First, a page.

To examine the microbial distribution and antimicrobial susceptibility of culture-positive microbial keratitis at a large tertiary referral center in the mid-Atlantic region of the United States.
Retrospective review of culture-positive microbial keratitis cases at the Wilmer Eye Institute from 2016 through 2020.
Of the 474 culture-positive microbial keratitis cases, most were bacterial (N=450, 94.9%), followed by fungal (N=48, 10.1%) and Acanthamoeba keratitis (N=15, 3.1%). Of the 450 bacterial isolates, 284 (69.5%) were gram-positive organisms, whereas 157 (28.4%) were gram-negative organisms. The most common bacterial species isolated was coagulase-negative Staphylococcus spp (N=154, 24.8%), and the most common gram-negative isolate was Pseudomonas aeruginosa (N=76, 12.3%). Among fungi, the most common isolates were Candida (N=25, 45.4%), whereas Fusarium (N=6, 10.9%) and Aspergillus (N=3, 5.5%) were less common. Of the 217 bacterial isolates tested for erythromycin susceptibility, 121 (55.7%; ∼60% of coagulase-negative staphylococci and corynebacteria tested) showed resistance to erythromycin.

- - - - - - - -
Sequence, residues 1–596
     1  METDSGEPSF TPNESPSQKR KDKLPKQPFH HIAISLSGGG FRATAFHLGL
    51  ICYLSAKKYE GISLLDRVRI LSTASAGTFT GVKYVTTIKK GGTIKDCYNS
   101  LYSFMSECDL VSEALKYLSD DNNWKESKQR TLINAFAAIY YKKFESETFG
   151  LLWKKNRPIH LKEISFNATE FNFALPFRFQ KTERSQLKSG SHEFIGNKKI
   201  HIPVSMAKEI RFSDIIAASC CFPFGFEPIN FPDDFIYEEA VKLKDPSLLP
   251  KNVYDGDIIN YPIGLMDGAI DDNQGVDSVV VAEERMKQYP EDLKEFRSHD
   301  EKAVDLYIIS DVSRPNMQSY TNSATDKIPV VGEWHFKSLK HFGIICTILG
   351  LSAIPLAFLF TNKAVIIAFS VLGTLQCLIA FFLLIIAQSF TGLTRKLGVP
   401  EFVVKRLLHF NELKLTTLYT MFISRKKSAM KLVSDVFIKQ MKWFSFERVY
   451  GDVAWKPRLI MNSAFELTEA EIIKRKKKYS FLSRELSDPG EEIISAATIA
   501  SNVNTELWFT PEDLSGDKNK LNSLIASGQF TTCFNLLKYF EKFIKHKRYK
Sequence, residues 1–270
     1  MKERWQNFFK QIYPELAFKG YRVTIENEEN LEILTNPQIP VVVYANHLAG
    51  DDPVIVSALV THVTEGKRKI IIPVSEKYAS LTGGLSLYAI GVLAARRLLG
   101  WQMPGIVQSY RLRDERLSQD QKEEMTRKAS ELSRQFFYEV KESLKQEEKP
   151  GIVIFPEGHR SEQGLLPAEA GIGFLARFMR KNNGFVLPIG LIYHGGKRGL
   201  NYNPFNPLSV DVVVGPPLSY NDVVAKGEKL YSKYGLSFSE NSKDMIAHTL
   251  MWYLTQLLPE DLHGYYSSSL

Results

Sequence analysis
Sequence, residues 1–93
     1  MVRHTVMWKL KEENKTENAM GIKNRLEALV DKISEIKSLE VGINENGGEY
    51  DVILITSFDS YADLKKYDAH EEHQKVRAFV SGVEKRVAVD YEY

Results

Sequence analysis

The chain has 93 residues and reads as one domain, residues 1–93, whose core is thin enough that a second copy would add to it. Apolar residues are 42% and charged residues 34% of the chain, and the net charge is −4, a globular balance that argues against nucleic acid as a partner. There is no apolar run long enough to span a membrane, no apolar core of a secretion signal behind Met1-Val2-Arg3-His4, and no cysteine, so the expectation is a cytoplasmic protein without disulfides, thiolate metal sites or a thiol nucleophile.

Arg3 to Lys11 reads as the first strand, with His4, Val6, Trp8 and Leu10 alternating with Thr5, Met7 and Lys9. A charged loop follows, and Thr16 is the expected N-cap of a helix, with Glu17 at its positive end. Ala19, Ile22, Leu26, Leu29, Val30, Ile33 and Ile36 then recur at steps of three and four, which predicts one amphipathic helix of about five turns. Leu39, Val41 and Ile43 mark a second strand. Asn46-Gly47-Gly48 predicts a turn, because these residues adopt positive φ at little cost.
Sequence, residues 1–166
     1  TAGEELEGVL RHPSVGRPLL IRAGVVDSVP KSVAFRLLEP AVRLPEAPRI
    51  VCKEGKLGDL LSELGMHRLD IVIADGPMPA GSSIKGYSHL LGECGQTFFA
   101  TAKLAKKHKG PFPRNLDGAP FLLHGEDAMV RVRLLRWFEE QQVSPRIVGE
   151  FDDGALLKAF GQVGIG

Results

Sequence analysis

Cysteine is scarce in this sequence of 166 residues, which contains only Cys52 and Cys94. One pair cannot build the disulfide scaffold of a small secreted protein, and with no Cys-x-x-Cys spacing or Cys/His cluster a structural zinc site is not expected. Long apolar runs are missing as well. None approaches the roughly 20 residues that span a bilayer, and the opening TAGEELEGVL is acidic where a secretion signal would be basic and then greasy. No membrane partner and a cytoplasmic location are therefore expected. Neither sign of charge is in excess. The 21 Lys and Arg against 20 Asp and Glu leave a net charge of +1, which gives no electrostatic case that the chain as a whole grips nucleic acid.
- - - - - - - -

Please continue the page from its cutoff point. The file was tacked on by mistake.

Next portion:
Microbial keratitis in the Baltimore Mid-Atlantic region of the United States is most commonly caused by bacteria, with fungi and acanthamoeba being less common. Gram-positive bacterial infections predominate. Among fungal keratitis cases, Candida species are more commonly encountered than are filamentous species. Use of erythromycin as infection prophylaxis should be reexamined. Findings from our study may guide empiric treatment in this geographic region.